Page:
Ban Ki-moon: Netanyahu’s 'ethnic cleansing remarks' are outrageous

Ban Ki-moon: “Let me be absolutely clear: settlements are illegal under international law. The occupation, stifling and oppressive, must end.

Prime Minister Benjamin Netanyahu (L) and UN Secretary-General Ban Ki-moon (photo credit: REUTERS)
Prime Minister Benjamin Netanyahu (L) and UN Secretary-General Ban Ki-moon
(photo credit: REUTERS)
The call to halt settlement activity is not analogous to “ethnic cleansing,” United Nations Secretary- General Ban Ki-moon said on Thursday, as he attacked Prime Minister Benjamin Netanyahu for making the comparison.
“I am disturbed by a recent statement by Israel’s prime minister portraying those who oppose settlement expansion as supporters of ethnic cleansing,” Ban told the UN Security Council in New York during a debate on the Middle East that included the Palestinian question.
“This is unacceptable and outrageous,” he said.
It is not the first time Ban has used his platform to target Netanyahu, the only leader in the region he mentioned by name.
In a video released last week, Netanyahu said, “the Palestinian leadership demands a Palestinian state with one precondition, no Jews. There is a phrase for that, it is called ethnic cleansing.”
“At this moment Jewish school children in Judea and Samaria are playing in sandboxes with their friends. Does their presence make peace impossible?” he asked.
Ban, in an apparent reply to those comments said, “Let me be absolutely clear, settlements are illegal under international law. The occupation – stifling and oppressive – must end. The international community, including the Security Council and the Middle East Quartet, universally views the expansion of settlements as an obstacle to peace.”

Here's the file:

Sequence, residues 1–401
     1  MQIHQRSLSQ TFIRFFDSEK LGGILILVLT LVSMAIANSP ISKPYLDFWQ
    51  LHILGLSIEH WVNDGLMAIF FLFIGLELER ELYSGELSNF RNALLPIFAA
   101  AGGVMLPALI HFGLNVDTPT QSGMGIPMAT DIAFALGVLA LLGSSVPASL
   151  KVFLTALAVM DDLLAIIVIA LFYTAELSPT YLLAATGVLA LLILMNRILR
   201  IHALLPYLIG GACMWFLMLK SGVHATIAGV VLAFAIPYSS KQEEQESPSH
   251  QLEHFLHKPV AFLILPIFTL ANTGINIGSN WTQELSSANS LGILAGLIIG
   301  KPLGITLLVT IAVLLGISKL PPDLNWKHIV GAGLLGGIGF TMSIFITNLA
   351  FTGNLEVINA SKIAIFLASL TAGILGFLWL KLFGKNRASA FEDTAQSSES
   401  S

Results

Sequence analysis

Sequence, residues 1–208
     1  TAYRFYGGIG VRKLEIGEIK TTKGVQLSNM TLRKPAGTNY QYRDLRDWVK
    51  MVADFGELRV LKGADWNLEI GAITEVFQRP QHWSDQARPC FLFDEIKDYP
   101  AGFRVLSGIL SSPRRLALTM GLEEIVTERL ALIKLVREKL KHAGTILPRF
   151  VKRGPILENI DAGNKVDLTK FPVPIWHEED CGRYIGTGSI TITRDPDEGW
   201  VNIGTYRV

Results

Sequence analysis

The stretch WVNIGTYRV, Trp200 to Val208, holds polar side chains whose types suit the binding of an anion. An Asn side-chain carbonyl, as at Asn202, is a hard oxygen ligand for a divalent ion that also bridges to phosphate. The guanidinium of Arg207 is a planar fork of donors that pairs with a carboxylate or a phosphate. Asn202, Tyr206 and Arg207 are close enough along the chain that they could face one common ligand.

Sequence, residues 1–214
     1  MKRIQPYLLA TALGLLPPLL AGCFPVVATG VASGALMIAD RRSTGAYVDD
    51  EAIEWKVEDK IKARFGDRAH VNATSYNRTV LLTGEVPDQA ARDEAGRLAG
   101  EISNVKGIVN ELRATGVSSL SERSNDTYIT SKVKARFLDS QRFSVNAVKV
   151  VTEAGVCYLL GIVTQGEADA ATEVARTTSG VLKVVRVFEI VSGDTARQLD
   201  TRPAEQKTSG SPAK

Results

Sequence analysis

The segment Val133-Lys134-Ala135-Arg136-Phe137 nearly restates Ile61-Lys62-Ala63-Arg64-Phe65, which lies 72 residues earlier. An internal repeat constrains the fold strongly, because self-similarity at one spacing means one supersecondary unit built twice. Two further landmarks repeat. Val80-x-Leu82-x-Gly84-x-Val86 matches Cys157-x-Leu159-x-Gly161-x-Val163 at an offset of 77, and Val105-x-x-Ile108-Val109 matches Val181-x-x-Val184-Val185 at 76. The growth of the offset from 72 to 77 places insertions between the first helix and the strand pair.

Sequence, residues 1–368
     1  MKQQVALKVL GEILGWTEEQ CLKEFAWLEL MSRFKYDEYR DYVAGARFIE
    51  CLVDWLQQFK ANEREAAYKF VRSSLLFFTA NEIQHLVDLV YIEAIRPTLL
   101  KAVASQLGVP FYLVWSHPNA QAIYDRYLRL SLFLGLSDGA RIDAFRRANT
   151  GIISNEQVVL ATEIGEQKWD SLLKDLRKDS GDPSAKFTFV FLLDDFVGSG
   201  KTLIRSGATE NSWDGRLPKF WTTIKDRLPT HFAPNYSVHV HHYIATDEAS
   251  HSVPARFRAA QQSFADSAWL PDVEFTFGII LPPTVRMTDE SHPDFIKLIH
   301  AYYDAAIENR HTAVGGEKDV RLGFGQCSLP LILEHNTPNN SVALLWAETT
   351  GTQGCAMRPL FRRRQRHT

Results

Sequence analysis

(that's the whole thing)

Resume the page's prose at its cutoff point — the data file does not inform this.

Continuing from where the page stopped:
Israel’s UN Ambassador Danny Danon sharply responded that Ban had a “distorted view of the situation in Israel. The obstacle to peace begins and ends with Palestinian incitement, terrorism and the refusal of Abu Mazen to meet with Prime Minister Netanyahu.”
“Instead of directly condemning Hamas for building tunnels and a terrorist infrastructure, instead of investing resources in stopping Palestinian incitement and terrorism, the secretary-general has chosen to regularly condemn Israel,” he said.
At the Security Council, though, Ban chastised both Israeli and Palestinian leaders for “failing to take difficult steps for peace.”
He took issue with the possible delay in Palestinian elections and with the launching of missiles from Gaza into Israel.
He added that the Palestinian parties have chosen to “praise despicable acts, such as the 1972 terrorist attack against Israeli athletes at the Munich Olympics.
That kind of glorification is “disgraceful and the Palestinian leadership must put an end to it.”
He noted that this week marked 23 years since the signing of the Oslo Accords, which was supposed to herald a two-state solution but which – more than two decades later – is still elusive.
“Unfortunately, we are further than ever from its goals,” Ban said.
“The two-state solution is at risk of being replaced by a one-state reality of perpetual violence and occupation.”